Dangers of owning a Galaxy Note 7

Photo credit: samsungmobilepress.com

By Graham Alabdulla, Contributing Writer

On September 7, the American based company Apple announced and demonstrated the iPhone 7 and iPhone 7 Plus with its sleeker dimensions, lack of an audio jack, and various upgrades. The main rival to Apple is South Korean based Samsung who announced their Galaxy Note 7 on August 19, more than two weeks beforehand. Samsung’s product was the main rival to Apple’s latest cell phone, and it has not exactly put its best foot forward.

Since its launch, there are 35 reports of the Galaxy Note 7 exploding or similarly malfunctioning from the battery. Now, you may be thinking to yourself, “A little heat is nothing to worry about, my current phone gets hot from time to time.” Let me stop you there — the Galaxy has reportedly burned the hands of a six-year old, caused a car to catch fire, and exploded in a hotel room causing over a thousand dollars in damages.

But an even greater concern is that all devices powered by a lithium-ion battery could possibly explode. Let’s explore this further. Lithium-ion batteries store, transform and release energy because of natural chemical reactions. This battery has two electrodes, which are places for the electricity to enter or leave; there is a cathode, or positively charged area and an anode, or a negatively charged area.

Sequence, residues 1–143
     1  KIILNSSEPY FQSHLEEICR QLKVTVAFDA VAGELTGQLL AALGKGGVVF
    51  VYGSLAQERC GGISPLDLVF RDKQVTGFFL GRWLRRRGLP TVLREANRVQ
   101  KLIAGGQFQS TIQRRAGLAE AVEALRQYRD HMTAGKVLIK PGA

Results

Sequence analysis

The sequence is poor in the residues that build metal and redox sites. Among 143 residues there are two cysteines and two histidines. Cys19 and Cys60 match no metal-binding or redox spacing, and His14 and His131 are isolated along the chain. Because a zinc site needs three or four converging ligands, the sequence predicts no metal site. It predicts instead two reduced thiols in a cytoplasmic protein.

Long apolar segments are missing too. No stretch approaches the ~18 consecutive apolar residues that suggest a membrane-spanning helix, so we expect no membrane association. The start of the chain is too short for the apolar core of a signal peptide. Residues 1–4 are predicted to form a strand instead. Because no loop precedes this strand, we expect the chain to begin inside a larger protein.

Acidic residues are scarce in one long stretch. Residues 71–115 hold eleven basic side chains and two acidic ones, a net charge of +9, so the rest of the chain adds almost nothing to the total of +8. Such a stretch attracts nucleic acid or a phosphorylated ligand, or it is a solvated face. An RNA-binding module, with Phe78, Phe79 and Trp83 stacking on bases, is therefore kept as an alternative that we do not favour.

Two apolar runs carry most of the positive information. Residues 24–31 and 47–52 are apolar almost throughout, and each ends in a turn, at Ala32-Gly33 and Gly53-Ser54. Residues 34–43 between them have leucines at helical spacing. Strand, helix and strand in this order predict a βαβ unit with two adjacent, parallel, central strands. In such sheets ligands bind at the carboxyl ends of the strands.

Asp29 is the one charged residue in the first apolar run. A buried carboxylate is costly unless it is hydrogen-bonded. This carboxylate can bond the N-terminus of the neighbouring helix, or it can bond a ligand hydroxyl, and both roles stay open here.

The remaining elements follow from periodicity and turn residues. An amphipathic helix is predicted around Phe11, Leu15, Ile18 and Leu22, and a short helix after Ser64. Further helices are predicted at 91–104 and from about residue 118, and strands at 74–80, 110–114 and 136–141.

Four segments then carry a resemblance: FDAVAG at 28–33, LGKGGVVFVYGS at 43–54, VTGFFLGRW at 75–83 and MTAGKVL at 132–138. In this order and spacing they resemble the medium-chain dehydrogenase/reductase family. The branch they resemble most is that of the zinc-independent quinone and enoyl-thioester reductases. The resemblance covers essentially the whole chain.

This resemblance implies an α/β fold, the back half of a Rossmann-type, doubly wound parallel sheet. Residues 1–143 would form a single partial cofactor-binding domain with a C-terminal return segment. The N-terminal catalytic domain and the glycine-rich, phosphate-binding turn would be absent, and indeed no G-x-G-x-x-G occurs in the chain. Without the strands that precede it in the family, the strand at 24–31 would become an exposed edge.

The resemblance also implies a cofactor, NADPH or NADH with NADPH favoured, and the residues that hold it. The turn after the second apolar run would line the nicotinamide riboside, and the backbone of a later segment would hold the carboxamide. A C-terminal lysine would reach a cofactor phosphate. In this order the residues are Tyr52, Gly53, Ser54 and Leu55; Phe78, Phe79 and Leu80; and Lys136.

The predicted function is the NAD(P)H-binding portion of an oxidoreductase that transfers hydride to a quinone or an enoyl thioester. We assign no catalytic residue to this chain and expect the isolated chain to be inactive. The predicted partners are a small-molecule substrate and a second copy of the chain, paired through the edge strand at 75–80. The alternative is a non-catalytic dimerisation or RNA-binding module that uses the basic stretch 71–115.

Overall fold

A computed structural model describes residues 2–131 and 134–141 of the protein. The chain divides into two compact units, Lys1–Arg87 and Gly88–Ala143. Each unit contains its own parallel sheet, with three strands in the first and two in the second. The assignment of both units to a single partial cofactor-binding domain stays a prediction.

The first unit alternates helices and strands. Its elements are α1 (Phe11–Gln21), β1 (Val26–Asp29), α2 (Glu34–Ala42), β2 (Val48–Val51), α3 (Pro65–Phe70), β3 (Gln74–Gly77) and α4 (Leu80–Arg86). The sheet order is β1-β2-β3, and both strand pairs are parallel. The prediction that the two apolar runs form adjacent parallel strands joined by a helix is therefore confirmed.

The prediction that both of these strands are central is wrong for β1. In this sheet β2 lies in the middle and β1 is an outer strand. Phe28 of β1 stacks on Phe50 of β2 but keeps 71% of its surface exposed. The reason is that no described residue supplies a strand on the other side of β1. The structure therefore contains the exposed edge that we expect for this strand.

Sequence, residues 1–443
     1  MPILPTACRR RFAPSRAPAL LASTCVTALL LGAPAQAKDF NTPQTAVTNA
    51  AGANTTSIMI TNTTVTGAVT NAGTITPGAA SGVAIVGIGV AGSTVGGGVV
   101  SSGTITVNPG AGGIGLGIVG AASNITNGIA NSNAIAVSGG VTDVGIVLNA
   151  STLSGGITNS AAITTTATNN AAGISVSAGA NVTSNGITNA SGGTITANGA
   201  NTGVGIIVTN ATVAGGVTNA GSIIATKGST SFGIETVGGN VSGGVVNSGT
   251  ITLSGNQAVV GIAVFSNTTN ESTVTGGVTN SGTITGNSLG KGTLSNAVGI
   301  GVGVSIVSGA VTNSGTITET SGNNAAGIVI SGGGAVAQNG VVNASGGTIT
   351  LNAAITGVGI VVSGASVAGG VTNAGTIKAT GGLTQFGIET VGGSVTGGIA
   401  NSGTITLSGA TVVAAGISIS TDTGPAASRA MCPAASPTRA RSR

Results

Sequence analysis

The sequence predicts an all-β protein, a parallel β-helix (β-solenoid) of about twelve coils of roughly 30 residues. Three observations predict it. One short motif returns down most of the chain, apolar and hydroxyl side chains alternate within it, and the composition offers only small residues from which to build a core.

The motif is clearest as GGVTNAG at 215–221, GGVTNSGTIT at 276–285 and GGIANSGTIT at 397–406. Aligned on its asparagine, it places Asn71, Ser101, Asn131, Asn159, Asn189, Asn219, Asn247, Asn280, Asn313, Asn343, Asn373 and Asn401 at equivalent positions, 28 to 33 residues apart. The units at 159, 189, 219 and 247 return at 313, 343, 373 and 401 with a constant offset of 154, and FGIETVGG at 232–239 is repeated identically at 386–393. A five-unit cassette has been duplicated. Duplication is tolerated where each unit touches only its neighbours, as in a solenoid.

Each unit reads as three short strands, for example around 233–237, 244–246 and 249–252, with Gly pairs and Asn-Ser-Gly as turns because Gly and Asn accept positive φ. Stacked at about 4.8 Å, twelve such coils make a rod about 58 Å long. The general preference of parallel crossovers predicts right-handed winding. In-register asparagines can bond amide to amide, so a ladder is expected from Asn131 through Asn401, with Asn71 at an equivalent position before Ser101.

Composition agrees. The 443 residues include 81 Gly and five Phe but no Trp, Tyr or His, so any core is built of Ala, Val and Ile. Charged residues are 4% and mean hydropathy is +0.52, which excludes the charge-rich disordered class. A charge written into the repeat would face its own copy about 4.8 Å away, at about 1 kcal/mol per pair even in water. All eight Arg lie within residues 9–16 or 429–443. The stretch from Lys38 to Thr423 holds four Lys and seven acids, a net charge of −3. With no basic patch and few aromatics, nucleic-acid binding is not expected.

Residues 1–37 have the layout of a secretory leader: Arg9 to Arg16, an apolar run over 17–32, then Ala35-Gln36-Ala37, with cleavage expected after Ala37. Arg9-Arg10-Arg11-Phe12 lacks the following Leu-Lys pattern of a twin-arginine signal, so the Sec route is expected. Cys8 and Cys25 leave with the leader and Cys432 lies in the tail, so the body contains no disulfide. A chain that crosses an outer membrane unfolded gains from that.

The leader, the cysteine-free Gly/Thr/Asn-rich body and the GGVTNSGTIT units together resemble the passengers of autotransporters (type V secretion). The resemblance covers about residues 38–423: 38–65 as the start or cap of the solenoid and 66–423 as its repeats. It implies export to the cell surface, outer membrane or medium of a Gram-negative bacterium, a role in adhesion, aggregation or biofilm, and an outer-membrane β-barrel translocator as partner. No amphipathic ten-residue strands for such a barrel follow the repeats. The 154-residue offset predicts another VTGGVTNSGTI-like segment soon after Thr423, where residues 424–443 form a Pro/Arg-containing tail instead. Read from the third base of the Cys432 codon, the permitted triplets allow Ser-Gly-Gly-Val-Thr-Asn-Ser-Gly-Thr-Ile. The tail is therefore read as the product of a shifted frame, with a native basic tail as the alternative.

The cathode stores positive ions and the anode stores negatively charged ions. Basically the battery charges by electricity bringing charged electrons through the battery contacts until the positive ions cannot accept any more negatively charged ions.

Lithium, one of the lightest metals on the periodic table, is an excellent material for a lightweight portable battery that can hold a charge –and let us watch Netflix– for a long time.

In order for batteries with such a reactive metal to be “safe”, they are sealed under pressure with a thin coat of lithium surrounding the entire battery. This thin coat sounds more dangerous than having a thicker coat of metal, but if it was thicker, more pressure would be able to build up and essentially create a larger explosion.

Experts cannot conclusively report on what the cause of the exploding battery is, but physical damage and heat can cause a meltdown. The current theory is that the pathway between the cathode and anode, the pathway that charges the battery, became overloaded and shorted out.

This short resulted in the buildup of energy in the form of heat within the battery, which would increase the pressure in the battery case, and would ultimately result in an explosion of liquid metal shrapnel flying everywhere. So, the next time you use your phone, just know that you are essentially holding a small bomb in your hand, a relatively safe bomb, but a bomb nonetheless. And if your bomb is called a Galaxy Note 7, know that they are armed and dangerous: deactivate and dispose of it responsibly.

 

 

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